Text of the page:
Increasing Annealing temperatures for BSP-PCR - New Paper in Biotechniques (Feb/16/2007 )
anyone seen this paper (Chen et al. Optimizing annealing temperature overcomes bias in bisulfite PCR methylation analysis, Pubmed-ID: 17269485)?
The main statement of the paper is, that the efficacy of PCR for bisulfite treated samples is better, when you use high amplificatio temperature - they used several primers with Tm around 55°C and had the best results (analyzed with pyrosequencing) at 60°C as annealing temperature!
Any ideas about that?
If one uses annealing at 60 and extension at 65°C - could it be possible to do the PCR with a two-step protocol?
Or is this a problem important only for Pyrosequencing or MALDI-TOF, as the sensitivity of "normal" sequencing is too low to be affected by this bias?
sorry, my institute does not have a subscription to Biotechniques
But I'll do some guessing anyways
In the old lab where I did the bsPCR we always tested a new primer in a temperature gradient of
(Tm - 5)°C - (Tm + 5 )°C in 1°C steps. Some primers showed more product with an annealing temp. slightly under Tm, some with
an annealing temp. slightly over Tm.
So the whole thing sounds kind of weird to me, and leads me to think it depends on the primer (what length, which bases).
Or do they mean in the paper that you obtain less product, but of a higher quality / specificity?
In this case the paper might make sense... darn I wish I could access it !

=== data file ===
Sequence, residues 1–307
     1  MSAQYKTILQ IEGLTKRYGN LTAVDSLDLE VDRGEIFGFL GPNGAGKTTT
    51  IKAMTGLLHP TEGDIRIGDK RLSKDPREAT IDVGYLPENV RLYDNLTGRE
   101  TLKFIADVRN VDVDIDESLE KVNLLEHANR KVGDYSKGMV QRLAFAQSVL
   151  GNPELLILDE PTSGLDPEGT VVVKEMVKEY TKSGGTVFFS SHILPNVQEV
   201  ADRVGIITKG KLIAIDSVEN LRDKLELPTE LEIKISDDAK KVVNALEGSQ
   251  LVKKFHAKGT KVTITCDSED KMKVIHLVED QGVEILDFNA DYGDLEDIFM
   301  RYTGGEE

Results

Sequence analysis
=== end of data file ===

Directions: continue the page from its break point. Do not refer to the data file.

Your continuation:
Oh - and we used the annealing temp with the highest efficacy (most product) for Pyrosequencing, and always got good results
Biotechniques is free, you only have to register! And, your second guess was right - they had more reliable Pyrosequencing results without biasing towards unmethylated DNA...
Whoops - now that's embarrasing, thanks for letting me know
I'll take a look at the paper then
I saw this too. the geuss is that the more methylated the DNA the more C's left in the treated DNA leading to more secondary structure. The increase in secondary structure leads to a PCR bias towards unmethylated DNA. At higher PCR temps, the secondary structure is eliminated, leading to more efficient methylation detection. I am looking into biases in methylation detection now, becuase of wierd results in the lab, look at my post please! Anyway, one thing that I should know of next week is if the use of single stranded DNA binding protien within my PCR eliminates bias for pyrosequencing (it does help with the PCR). Also looking at the amount of template used for the inital PCR. I will know more later next week.
1.) no further ideas apart from those in the paper on why exactly the bias is reducer by higher annealing temps, sorry.. secondary structure does sound good though
2.) What do you mean by two-step: annealing and extension in one step? Wouldn't this increase the bias/add a new bias?
3.) Judging by the numbers given, the bias in some of the investigated genes is easily high enough to affect normal sampling as well.
Yes, think so, too
I am not su sure. There are some reports, that PCR is more efficient in AT rich templates, when extension temp is low (65°C) - so maybe, it is worth a try? May be one next project after the multiplexing...
Sorry, I don't get your point ... what do you mean, exactly?
in 3.) I meant that the methylation of some genes investigated in the paper varies between ca. 40 % and ca. 80% (FANK1-top, FEZ1-top, P2RX5-top).
This would surely be a bias that also influences "normal" sequencing, and not only pyro-sequencing or MALDI-TOF, or not?
You're absolutely right. If this were true, it would be necessary to make a normalization with mixed templates for every tissue and every primer you use...
I really don't like that thought
There are other reports showing that one could overcome this bias by including one CpG into the primer sequence, near 5' end, without degeneracy! But I am not so sure about that - it's a little like trying to heat the room by setting the carpets on fire...